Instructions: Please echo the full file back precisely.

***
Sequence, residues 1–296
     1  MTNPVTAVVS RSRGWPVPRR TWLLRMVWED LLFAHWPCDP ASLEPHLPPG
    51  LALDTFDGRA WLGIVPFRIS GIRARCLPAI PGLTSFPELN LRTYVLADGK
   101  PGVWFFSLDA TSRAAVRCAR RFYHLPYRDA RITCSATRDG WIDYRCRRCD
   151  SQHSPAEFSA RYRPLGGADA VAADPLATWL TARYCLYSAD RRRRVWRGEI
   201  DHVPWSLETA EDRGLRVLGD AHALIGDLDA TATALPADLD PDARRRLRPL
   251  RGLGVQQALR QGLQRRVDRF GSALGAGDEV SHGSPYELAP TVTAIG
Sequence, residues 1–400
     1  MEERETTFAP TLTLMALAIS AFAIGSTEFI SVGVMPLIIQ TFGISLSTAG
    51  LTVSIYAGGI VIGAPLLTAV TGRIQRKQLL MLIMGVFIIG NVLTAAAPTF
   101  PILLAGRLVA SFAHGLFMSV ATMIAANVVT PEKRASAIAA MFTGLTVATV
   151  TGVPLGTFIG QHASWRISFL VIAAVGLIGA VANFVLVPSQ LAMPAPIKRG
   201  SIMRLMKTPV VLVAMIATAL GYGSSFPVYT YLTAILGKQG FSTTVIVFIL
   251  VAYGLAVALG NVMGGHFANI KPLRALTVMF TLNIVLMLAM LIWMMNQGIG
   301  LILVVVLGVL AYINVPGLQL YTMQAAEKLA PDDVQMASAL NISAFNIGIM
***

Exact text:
Sequence, residues 1–296
     1  MTNPVTAVVS RSRGWPVPRR TWLLRMVWED LLFAHWPCDP ASLEPHLPPG
    51  LALDTFDGRA WLGIVPFRIS GIRARCLPAI PGLTSFPELN LRTYVLADGK
   101  PGVWFFSLDA TSRAAVRCAR RFYHLPYRDA RITCSATRDG WIDYRCRRCD
   151  SQHSPAEFSA RYRPLGGADA VAADPLATWL TARYCLYSAD RRRRVWRGEI
   201  DHVPWSLETA EDRGLRVLGD AHALIGDLDA TATALPADLD PDARRRLRPL
   251  RGLGVQQALR QGLQRRVDRF GSALGAGDEV SHGSPYELAP TVTAIG
Sequence, residues 1–400
     1  MEERETTFAP TLTLMALAIS AFAIGSTEFI SVGVMPLIIQ TFGISLSTAG
    51  LTVSIYAGGI VIGAPLLTAV TGRIQRKQLL MLIMGVFIIG NVLTAAAPTF
   101  PILLAGRLVA SFAHGLFMSV ATMIAANVVT PEKRASAIAA MFTGLTVATV
   151  TGVPLGTFIG QHASWRISFL VIAAVGLIGA VANFVLVPSQ LAMPAPIKRG
   201  SIMRLMKTPV VLVAMIATAL GYGSSFPVYT YLTAILGKQG FSTTVIVFIL
   251  VAYGLAVALG NVMGGHFANI KPLRALTVMF TLNIVLMLAM LIWMMNQGIG
   301  LILVVVLGVL AYINVPGLQL YTMQAAEKLA PDDVQMASAL NISAFNIGIM